Ribbonfarm Studio
Ribbonfarm Studio
Planning to Start, Planning to Finish

Planning to Start, Planning to Finish

This week’s podcast (12 minutes) is on a crucial difference, between planning to start, and planning to finish.

  1. We talk a lot about the difference between more and less planning, on the spectrum between full waterfall and full agile, and like most of you, I share a bias towards less planning.

  2. It is a difference that goes beyond software. In novel writing, for example, people talk of a difference between plotters and pantsers, people who work out detailed plots versus those who make up a story by the seat of their pants.

  3. Plotting increases the probability that you’ll stick the landing in a satisfying way, but pantsing increases the chances of the activity having a liveness to it, a narrative vitality. That’s the real tradeoff gestured at by waterfall/agile conversations.

  4. Over the years I’ve realized that a different distinction, within planning, is probably much more important: between planning to start, and planning to finish.

  5. Planning to finish is the familiar kind, where you plan all the way to the end and the terminal condition is the completed state of the activity. The finish line, the deadline, the checkered flag.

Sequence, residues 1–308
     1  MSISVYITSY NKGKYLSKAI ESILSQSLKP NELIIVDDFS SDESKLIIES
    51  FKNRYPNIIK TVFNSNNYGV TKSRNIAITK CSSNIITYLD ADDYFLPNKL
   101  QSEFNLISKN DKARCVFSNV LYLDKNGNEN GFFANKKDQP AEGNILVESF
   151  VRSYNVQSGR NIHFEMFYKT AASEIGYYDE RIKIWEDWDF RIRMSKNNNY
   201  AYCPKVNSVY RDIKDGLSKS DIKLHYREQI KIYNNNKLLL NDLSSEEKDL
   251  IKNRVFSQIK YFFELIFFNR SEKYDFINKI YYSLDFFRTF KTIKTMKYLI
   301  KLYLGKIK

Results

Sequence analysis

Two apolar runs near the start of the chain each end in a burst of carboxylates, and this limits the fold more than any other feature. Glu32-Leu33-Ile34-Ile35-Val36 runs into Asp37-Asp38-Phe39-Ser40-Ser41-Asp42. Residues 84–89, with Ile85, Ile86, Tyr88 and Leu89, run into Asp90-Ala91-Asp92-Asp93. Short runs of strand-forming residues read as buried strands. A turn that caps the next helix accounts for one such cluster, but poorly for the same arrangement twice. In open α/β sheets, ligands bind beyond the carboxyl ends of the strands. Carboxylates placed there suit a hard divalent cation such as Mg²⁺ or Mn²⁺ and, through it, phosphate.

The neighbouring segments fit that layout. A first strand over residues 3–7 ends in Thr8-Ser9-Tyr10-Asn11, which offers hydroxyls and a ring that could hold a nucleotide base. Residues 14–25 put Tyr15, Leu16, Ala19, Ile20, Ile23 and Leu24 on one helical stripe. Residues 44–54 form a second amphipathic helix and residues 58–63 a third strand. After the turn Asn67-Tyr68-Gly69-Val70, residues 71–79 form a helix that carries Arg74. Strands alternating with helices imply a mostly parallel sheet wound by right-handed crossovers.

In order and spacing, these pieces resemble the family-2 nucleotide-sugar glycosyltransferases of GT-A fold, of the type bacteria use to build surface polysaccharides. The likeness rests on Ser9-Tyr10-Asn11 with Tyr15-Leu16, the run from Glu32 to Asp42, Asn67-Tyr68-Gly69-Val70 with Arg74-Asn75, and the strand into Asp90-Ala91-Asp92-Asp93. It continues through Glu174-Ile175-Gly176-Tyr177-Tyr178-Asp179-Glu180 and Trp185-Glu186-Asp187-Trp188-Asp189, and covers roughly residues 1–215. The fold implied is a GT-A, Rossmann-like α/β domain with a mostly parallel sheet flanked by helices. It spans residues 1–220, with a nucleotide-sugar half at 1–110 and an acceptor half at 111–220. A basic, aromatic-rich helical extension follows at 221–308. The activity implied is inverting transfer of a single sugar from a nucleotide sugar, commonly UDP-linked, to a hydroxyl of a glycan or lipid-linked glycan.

6. Planning to start though, is the more important kind for any creative work. The French phrase mise en place, a favorite of Hercule Poirot, gets at this. It roughly means “setting the stage”, especially with reference to cooking preparations.

  7. When you plan to start, you get to the starting line rather than the finishing line, by setting the stage for a more creative, improvised phase. You can call it getting to the starting line, or as I prefer, by analogy to deadline, the lifeline. A condition where a zombie set of parts is assembled together in a way that makes it come alive.

  8. The difference relates to what Scott Adams called the difference between systems and goals. When you plan to start, you undertake planned activities to end in a functioning system where habits can flow.

  9. Another connection familiar to many of you is to James Carse’s notion of finite versus infinite games. Planning to finish is playing a finite game to win it and exit it. Planning to start is working to enter an infinite game and continue playing it.

  10. Whatever you choose to call it, you should probably spend more time thinking about this difference than about how much planning to do, which is often a much simpler question.

Ribbonfarm Studio
Ribbonfarm Studio